If you live n the UK, why would you be looking for a US carrier?
T-Mobile is a German company, owned by Deutsche Telecom, I believe. They have customers all over Europe, as well as in the US.
You're right of course. My original description of finalizers was rather simplistic. The best advice I can give to new Java developers (or C# developers, come to think of it), is to completely avoid using finalizers to dispose of non-memory resources such as file streams, sockets and database connections. It's just too easy to introduce bugs this way, and they're often the type of bug that's hard for a new developer to track down the cause.
There are two common alternatives to using finalizers. The first is to avoid retaining references to non-memory resources, wherever possible. As bckrispi mentioned above, it's good practice to close sockets and file streams as soon as you've finished with them (or in the case of database connections, relinquish then to a common pool).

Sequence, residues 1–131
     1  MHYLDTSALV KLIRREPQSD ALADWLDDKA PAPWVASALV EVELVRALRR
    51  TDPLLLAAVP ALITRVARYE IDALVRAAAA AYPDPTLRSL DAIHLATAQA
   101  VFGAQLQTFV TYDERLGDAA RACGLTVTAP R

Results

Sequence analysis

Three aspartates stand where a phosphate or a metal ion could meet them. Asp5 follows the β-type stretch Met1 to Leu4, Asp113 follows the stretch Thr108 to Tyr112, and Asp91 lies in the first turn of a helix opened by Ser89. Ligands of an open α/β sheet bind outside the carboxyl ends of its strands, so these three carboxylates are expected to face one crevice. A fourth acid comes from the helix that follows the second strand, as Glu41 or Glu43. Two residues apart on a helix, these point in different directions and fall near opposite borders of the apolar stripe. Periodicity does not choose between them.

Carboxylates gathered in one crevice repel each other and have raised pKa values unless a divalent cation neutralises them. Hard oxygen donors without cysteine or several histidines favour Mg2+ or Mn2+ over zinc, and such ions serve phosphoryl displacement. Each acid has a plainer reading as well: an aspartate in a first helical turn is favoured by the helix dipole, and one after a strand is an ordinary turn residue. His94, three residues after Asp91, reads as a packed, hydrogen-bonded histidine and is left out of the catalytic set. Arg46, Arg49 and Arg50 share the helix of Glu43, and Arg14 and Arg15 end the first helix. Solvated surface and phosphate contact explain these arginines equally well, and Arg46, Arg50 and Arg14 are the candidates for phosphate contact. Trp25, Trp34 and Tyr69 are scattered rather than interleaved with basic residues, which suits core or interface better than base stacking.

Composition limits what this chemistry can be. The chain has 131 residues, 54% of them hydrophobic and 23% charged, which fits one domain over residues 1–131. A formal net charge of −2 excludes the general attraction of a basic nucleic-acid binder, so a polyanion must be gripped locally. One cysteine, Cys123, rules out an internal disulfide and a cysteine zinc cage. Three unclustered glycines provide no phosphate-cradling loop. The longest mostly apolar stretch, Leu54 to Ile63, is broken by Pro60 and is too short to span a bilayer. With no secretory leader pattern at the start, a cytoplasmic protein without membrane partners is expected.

The second is to expose lifecycle management methods on your class, typically by providing a close() or dispose() method, which passes the responsibility of lifecycle management to the code using your class. Needless to say, the first option is definitely preferred over the second.
In 15 years of Java and C# coding, I can honestly say that the only time finalizers have been useful is in trying to detect the case where client code hasn't invoked the relevant close() or dispose() method, in order to issue a debug logging call so that this can be trapped, and then make a final attempt to call close() or dispose() within the finalizer and hope for the best.
Where are the calculations that go with a calculated risk?